Green Thumbs at Greeley
I see huge benefits…to the society that teaches its young people to think, dream, create, and imagine something new.
-Teaching artist Sonja Henderson
Who knew that Greeley Elementary was full of young up-and-coming environmentalists? Visual art and nature formed a harmonious duo at the school, where 6th through 8th grade students participated in a year-long residency focused on community improvement with teaching artist Sonja Henderson.
Sonja worked with Greeley science teachers to introduce these students to the concepts of composting, gardening, and organic vs. GMO foods, and to discuss “global footprints”. Students even charted where their food came from. Sonja also guided 1st through 3rd graders in a gardening project where they designed and created a community garden at the school, making photograms and observational drawings of the plants they helped nurture.
We caught up with Sonja to learn more about this multi-faceted green residency. Check out her interview (and the some adorable gardening photos) right here!
UG: For the purposes of this residency, what was the correlation between visual art and the concepts of sustainability, recycling, and nutrition?
Sonja: Firstly, one of the easiest links between the visual arts and sustainability is the idea of using what is around you. We made photograms from flowers, stones, leaves, twigs, and whatever was around us at the time. We also created magical little terrariums from mini plants, stones, shells, and figurines. These terrariums taught students about self-sustaining biospheres as well as aesthetics. We also made seed journals and illustrated/planted our community garden using seeds from a seed swap.
Secondly, creating something from nothing or from recycled materials is a no brainer in the classroom. We grew healthy organic sprouts such as alfalfa, broccoli, and radish from used spaghetti and pickle jars. We used origami and newspapers to create biodegradable pots for starting seeds. And, with my older students we made pencil cases, back packs, and market bags from fused plastic bags from the grocery stores.
And thirdly, the visual art created around nutrition is similar to photo documentation of the process of creating a garden and the growth of the garden itself. There is also the potential for countless observational drawings of herbs, fruits, vegetables, birds, and insects.
Having worked with science, geography, language arts, and social studies classes during this residency, why do you feel it’s important to integrate the arts into these other curricula?
Art integration is extremely important because it connects math, science, history, and language arts through the “act of doing.” Art practice (ie. drawing, painting, sculpting, cooking, etc.) is applied learning. The students will have a working knowledge of geometry if they learn perspective drawing; they will understand fractions from cooking and measuring. They will apply laws of physics while constructing a sculpture, gain an understanding of chemistry while blending color, and will have a greater grasp of history, politics, and culture by studying an ancient vase or garden. While all of this is happening their language skills and knowledge of the world are growing along with their new vocabulary.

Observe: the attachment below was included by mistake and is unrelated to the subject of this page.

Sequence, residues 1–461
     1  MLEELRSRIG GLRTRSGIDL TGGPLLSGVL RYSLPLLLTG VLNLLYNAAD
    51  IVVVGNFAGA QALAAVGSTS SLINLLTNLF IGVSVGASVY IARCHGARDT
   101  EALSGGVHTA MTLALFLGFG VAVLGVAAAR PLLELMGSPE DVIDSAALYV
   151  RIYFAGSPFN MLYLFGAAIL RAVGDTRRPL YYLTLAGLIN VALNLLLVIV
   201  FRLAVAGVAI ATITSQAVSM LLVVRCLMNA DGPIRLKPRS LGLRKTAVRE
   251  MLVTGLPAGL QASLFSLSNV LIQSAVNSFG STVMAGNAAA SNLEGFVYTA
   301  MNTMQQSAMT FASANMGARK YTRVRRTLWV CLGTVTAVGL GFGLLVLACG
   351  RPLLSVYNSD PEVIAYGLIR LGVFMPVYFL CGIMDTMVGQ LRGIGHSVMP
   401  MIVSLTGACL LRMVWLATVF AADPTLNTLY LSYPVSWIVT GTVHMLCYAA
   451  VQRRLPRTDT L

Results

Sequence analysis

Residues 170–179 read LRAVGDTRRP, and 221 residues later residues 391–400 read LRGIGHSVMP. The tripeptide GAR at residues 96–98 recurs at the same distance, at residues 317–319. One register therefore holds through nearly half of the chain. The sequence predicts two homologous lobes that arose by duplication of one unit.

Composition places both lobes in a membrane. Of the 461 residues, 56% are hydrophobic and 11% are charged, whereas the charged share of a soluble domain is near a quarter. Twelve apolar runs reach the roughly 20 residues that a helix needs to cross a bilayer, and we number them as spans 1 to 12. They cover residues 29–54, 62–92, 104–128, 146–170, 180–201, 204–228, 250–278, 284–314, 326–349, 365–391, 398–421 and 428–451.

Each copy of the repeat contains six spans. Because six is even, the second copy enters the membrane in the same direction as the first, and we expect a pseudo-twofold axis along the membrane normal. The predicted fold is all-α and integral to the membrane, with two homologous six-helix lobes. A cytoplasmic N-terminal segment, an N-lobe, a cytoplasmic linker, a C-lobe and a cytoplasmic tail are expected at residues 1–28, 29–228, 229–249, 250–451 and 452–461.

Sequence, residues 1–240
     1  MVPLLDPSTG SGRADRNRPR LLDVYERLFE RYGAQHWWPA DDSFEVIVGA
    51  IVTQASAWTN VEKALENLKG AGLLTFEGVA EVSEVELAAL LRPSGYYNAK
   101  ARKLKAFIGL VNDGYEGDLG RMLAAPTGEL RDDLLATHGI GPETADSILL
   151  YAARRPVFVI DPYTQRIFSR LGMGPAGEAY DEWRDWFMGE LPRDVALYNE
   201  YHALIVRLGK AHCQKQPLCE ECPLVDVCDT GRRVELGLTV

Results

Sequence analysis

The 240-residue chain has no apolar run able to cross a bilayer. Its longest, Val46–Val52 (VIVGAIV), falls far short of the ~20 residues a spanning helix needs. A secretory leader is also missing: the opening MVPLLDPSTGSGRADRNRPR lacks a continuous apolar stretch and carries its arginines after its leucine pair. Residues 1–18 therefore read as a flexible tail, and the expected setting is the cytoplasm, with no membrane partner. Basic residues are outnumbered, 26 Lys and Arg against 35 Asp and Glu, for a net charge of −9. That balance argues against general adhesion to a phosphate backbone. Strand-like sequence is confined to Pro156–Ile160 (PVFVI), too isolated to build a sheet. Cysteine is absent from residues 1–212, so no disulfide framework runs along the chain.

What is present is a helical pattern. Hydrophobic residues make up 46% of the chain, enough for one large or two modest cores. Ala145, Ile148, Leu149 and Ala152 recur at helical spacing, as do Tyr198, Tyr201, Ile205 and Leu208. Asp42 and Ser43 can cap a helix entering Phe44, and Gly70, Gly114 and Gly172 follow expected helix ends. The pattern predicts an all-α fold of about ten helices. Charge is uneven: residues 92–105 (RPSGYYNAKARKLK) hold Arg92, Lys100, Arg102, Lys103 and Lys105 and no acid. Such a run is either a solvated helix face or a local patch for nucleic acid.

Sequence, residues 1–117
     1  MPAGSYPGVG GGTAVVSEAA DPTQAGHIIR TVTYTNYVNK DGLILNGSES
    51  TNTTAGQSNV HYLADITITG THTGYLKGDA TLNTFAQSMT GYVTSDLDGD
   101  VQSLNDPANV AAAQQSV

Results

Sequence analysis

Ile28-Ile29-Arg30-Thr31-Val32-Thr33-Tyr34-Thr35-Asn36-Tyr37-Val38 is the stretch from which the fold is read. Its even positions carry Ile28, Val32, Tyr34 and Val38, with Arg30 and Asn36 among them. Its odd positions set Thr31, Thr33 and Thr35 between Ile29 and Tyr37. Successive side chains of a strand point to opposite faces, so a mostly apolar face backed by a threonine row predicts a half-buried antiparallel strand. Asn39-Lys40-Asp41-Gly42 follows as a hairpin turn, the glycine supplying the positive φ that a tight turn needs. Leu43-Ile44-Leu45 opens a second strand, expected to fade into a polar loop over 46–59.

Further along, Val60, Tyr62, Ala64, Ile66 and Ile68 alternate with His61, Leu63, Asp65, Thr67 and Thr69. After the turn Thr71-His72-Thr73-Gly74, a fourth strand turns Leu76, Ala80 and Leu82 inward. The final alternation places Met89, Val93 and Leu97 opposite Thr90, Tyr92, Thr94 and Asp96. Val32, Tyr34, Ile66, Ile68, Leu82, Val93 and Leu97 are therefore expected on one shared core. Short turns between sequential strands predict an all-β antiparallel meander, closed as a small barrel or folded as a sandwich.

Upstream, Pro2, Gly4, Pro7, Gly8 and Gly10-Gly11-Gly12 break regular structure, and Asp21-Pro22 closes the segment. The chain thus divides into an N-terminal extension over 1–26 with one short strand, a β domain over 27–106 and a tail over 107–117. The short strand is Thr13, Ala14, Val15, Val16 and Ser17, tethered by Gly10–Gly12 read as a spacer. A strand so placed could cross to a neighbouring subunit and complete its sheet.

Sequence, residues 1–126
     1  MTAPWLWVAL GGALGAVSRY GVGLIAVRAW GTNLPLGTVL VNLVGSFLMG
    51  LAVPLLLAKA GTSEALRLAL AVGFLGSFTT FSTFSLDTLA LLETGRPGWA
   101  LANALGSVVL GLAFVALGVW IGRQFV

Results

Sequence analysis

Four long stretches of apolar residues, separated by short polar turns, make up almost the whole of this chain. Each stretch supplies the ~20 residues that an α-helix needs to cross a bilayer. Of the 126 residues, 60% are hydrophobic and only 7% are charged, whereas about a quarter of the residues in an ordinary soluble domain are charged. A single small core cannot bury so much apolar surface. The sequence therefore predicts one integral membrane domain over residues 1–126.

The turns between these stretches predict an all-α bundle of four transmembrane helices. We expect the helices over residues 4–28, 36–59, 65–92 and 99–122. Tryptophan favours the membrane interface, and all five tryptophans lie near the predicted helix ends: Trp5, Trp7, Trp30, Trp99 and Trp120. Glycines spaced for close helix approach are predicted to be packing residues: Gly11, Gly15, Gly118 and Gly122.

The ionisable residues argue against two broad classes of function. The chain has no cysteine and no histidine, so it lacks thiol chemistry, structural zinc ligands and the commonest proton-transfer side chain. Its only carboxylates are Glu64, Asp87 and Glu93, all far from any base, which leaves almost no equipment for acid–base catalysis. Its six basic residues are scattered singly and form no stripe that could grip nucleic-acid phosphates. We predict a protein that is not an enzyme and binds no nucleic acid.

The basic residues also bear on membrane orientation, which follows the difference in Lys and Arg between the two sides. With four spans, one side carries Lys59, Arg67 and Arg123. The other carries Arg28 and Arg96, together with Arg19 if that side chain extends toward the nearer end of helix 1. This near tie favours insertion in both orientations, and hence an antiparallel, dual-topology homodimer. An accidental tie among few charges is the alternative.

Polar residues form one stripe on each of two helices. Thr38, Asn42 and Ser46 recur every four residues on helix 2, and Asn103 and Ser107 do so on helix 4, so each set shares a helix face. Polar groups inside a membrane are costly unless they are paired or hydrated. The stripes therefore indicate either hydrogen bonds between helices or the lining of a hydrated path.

So applied learning is the easy answer to that question; the more complex answer is that through the arts students ponder, visualize, go through an ideation process, and then create something that has never existed in the world until they made it. I see huge benefits to the students and to the society that teaches its young people to think, dream, create, and imagine something new!
What role did community play in this residency? Why do you think it’s important for students (and Chicago students especially) to form a strong sense of community?
Having a strong identity within a community starts in homes, then classrooms, then schools, then the greater community around us. Having a sense of community is important because it is the way an individual first relates and responds to a larger group dynamic. What a child gains from a communal setting is a sense of safety, love, support, guidance, and participation. Community allows us to be individuals who contribute to something greater than ourselves. For the Greeley Garden, the students learned how to plant seeds and seedlings, take care of them, and harvest the fruits of their labor. For now, the role of community members is to provide support for the small organic garden and to learn alongside their children about the importance of good, nutritious, organic food, the benefits of eating and serving healthy food, and the knowledge of how to plant and sustain their own container or small plot gardens. In time, as Greeley’s Garden becomes larger, the community’s responsibility will grow as well; they will water, weed, and maintain the garden throughout the year, and let Greeley know what fruits, vegetables and plants they want grown. This can also lead to harvesting, preparing, and even selling the produce at a local farmer’s market or right there on site!
In the end, I think it is extremely important for young people to have a strong sense of community because it is their first sense of the world. Students will give back to a community that is friendly, healthy, and supportive of them and their ideas. Community is also one of the first investments that we make. If a child feels a sense of responsibility toward his community he will be more likely to serve it in a positive way.